7. suggestive, esp. of speech.
|Mansfield Park (1926) 141: I do not know the play; but as Maria says, if there is anything a little too warm [...] it can easily be left out.|
|Punch 24 July I 18: punch: — What’s the garter of a peer to the garters of Lady Adeliza. reader: — You are getting warm, mr. punch: — very warm.|
|Black-Eyed Beauty 12: Oh such a roar of laughter as went up. ‘Some pantelettes!’ yelled a boy. ‘Ain’t it warm, down there!’ cried a man in a window.|
|‘’Arry on Himself’ in Punch 21 Dec. in (2006) 6: Like my high jinks, like my egg – ’ot, mixed stiff, rayther spicy and warm.|
|My Secret Life (1966) II 302: My conversation got warm, then baudy, the girls got warm and then laughed at my smut.|
|Truth (Sydney) 19 Feb. 1/8: Here’s a pretty ‘warm’ advertisiement clipped from the ‘Evenooze’: Gentleman visiting Sydney requires lady housekeeper for a short time [etc.].|
|‘’Arry on [...] the Glorious Twelfth’ in Punch 30 Aug. 97/2: Big dry-salter in Thames Street, bit warm / In his langwidge occasional.|
|Society Snapshots 234: The first act was cool enough [...] but, afterwards, it got warmer and warmer, and at the end of the Bath-room act, the stalls rose en masse, and left the theatre [...] It was an act of gross — impropriety, besides being an abominable libel on the Peerage.|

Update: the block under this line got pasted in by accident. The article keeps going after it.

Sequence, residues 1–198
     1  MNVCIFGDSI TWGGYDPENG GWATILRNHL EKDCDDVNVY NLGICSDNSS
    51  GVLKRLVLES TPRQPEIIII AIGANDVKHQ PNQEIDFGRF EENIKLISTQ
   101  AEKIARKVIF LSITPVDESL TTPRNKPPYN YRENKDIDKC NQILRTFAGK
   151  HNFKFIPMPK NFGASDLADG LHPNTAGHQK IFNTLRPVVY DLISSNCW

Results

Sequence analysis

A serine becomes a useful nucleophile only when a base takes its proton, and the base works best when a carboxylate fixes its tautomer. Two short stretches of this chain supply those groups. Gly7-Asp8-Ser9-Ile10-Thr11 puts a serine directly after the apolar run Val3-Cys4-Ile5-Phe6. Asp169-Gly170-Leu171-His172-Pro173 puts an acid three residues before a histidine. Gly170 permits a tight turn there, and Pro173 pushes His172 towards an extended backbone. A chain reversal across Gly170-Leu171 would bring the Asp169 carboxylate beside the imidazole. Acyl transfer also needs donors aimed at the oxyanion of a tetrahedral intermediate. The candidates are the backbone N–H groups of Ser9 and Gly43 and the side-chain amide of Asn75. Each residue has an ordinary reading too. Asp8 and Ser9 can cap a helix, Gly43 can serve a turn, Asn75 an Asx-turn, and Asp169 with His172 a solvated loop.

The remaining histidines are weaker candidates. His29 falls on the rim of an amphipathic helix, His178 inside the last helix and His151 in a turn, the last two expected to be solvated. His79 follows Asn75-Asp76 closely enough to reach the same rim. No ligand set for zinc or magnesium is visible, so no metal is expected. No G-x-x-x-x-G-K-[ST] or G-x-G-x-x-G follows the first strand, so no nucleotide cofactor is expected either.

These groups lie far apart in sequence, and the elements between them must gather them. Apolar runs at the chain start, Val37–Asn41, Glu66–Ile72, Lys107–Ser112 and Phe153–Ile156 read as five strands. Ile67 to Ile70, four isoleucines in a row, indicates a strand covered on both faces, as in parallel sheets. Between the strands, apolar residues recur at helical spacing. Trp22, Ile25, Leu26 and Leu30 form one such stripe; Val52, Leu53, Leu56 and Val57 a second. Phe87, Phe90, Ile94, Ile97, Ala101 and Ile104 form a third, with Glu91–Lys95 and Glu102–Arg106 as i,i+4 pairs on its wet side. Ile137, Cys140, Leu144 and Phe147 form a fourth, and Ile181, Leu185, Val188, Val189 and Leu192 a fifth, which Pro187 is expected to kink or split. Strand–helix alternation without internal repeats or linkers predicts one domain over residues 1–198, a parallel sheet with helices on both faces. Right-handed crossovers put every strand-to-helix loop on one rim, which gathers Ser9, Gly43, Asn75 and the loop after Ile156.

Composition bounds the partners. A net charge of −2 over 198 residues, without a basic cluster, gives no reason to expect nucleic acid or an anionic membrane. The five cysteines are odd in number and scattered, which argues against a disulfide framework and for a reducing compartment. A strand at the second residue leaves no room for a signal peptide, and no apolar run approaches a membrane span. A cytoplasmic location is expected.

|Actors’ Boarding House (1906) 81: The songs were too warm for this country.|
|Bulletin (Sydney) 27 Aug. 11: She: ‘Say, what do men mean when they whistle at what is said?’ / He: ‘Oh, well – er – it sometimes means that the conversation is rather warm.’.|
|Rampant Age 178: Jeesy, you ought to read it! Pretty warm in a couple of places.|
|Unspeakable Skipton (1961) 27: Old Cosmo said your book was pretty warm.|
8. sexually unrestrained.
|Crim.-Con. Gaz. 25 May 137/1: The pretty fair haired barmaid to keep herself padlocked as she is in very warm company.|
9. unpleasant, uncomfortable.
|Leaves from Diary of Celebrated Burglar 101/1: Thinking that the matter would get warm, I [...] remarked that no doubt it was a joke on Mrs. Dunn’s part.|
|Wanderings of a Vagabond 411: I’ll make Lexington a pretty warm place for Mr. Bowles when I get back!|
|‘’Arry on His Critics’ in Punch 17 Dec. 280/1: [It] makes it tremenjously warm / For William the Woodchopper.|
|St Paul Dly Globe (MN) 14 Oct. 19/2: The owner of the dog swears she will make things warm for him in the sweet by-and-by.|
|Bulletin (Sydney) 19 July 5/1: How these real protectors of the peace must and do stick together – not slinking away from a row, but rushing headlong to the assistance of the pal who is being jumped upon – is known only to those who have studied night-life in the neighbourhood of the New Cut, the Elephant and Castle, and such warm haunts of the ‘wrong ’uns.’.|